Tuesday, December 31, 2013

The Wrap Up

I can't say that I'm sorry to see 2013 go. Livia's mom passed away during the summer, and that loss cast a shadow over much of the rest of the year. But it was also the year we got into the publishing business in a much bigger way, and we bought property down on the Gulf Coast that we hope will someday be a second home for us. Right after Christmas a new dog came to live with us, a big, enthusiastic, affectionate Pyrenees/Shepherd mix we've named Sammy. Mostly it was a year in which there was just never enough time in the day.

So here's a look at how writing and reading went for me this year.


I topped a million words again this year (good) but my output dropped again for the third or fourth year in a row (frustrating). I finished the year with 5312 pages, which is down about a thousand pages from my best year ever. I'm still shooting for a million words again next year to make it ten years in a row, but if I don't make it...well, three-quarters of a million, or whatever it turns out to be, will just have to be enough. This year's output was all novels, 13 of them, no short stories for a change. Two of those novels (WEST OF THE BIG RIVER: THE LAWMAN and DANCING WITH DEAD MEN) even had my name on them, and both were well received, which is very gratifying.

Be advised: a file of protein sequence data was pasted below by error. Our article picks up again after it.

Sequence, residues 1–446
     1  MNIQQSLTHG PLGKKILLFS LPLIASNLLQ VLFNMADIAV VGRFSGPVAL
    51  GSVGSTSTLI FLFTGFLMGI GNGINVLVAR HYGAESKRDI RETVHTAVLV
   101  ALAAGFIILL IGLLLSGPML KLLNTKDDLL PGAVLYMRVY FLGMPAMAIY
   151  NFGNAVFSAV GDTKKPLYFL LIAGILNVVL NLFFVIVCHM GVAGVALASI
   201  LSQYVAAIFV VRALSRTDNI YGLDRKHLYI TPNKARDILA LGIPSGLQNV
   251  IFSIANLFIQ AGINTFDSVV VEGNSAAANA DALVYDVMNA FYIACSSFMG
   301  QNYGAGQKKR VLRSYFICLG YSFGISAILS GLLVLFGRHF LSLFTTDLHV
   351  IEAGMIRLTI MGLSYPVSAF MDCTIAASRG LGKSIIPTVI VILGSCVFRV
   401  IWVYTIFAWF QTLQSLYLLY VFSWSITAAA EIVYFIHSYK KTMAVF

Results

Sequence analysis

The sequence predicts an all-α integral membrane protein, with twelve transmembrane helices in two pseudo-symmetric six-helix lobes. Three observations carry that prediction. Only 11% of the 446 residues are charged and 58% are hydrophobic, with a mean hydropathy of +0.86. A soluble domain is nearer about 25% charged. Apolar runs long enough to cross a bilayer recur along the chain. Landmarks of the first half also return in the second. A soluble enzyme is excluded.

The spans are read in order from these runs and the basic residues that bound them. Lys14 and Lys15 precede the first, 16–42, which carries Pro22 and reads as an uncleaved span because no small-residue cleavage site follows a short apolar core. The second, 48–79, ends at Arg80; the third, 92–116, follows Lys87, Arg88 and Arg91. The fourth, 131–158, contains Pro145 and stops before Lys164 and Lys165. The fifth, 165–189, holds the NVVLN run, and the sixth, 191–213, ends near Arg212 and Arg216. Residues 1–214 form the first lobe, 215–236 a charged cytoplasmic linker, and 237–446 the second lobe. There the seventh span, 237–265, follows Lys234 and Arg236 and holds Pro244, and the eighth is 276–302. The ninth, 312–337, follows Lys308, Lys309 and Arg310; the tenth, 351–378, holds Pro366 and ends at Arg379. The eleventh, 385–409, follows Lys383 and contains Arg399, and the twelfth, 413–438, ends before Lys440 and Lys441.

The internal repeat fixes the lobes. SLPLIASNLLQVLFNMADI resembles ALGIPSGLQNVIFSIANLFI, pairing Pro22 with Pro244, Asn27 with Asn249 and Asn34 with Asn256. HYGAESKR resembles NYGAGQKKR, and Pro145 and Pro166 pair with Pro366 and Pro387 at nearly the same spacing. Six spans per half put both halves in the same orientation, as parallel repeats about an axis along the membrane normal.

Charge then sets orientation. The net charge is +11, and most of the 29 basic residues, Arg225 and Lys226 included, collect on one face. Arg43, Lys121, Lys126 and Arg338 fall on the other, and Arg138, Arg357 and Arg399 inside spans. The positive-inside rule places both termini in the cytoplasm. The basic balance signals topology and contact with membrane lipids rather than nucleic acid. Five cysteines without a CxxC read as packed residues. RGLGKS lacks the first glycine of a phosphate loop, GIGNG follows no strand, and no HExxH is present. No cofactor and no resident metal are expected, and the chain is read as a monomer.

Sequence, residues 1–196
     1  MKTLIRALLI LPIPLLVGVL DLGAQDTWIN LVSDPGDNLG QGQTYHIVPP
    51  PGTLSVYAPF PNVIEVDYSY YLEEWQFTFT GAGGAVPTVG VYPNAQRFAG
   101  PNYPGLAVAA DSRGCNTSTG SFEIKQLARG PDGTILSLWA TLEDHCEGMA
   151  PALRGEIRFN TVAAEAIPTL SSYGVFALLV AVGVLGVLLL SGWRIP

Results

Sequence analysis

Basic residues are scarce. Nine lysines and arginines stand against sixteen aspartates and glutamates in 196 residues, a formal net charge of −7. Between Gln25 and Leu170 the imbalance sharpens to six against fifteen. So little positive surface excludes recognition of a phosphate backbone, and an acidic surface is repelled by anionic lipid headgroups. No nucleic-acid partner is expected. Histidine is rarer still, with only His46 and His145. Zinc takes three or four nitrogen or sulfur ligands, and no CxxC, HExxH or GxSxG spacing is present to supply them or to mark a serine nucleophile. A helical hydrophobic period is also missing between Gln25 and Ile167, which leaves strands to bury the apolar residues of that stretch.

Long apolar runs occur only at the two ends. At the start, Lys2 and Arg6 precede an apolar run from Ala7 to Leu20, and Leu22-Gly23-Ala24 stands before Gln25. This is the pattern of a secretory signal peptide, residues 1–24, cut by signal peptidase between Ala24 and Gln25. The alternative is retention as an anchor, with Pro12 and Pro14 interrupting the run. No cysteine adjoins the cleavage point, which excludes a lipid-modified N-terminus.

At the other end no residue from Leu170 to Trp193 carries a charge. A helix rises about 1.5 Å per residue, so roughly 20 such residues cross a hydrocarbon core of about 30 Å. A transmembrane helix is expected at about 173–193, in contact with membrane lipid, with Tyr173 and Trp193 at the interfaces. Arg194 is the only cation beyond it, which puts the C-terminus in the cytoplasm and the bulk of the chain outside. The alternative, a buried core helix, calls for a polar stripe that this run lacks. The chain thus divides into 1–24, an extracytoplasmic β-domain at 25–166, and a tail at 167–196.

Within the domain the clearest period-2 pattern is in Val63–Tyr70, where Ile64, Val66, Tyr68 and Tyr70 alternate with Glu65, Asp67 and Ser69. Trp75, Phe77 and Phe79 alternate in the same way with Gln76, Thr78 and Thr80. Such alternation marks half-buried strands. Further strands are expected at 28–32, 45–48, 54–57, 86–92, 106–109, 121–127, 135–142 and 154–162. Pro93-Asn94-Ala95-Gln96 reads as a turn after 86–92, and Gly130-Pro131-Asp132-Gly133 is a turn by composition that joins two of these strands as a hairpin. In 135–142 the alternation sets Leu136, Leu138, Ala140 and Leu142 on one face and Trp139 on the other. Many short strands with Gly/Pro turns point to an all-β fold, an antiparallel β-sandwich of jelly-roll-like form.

Here are my ten favorites from the books I've read this year, in the order in which I read them:

MARVEL COMICS: THE UNTOLD STORY, Sean Howe (as a Marvel fan for more than 50 years, this was great fun, as well as telling me a lot of things I didn't know)

THE LAST RIDE and THE VULTURES OF WHAPETON, Robert E. Howard (I reread these two Howard collections before I wrote the introduction to WESTERN TALES, published by the Robert E. Howard Foundation Press)

SGT. PIGGY'S LONELY HEARTS CLUB COMIC, Stephan Pastis (a massive collection of one of my favorite comic strips, PEARLS BEFORE SWINE)

I TRAVEL BY NIGHT, Robert R. McCammon (a new historical horror yarn by an old favorite, and a lot of fun)

WEST OF THE BIG RIVER: THE ARTIST, Jackson Lowry (Robert E. Vardeman) (all the WEST OF THE BIG RIVER books have been good, but this tale of Charles M. Russell before he was a famous artist is the best of the bunch)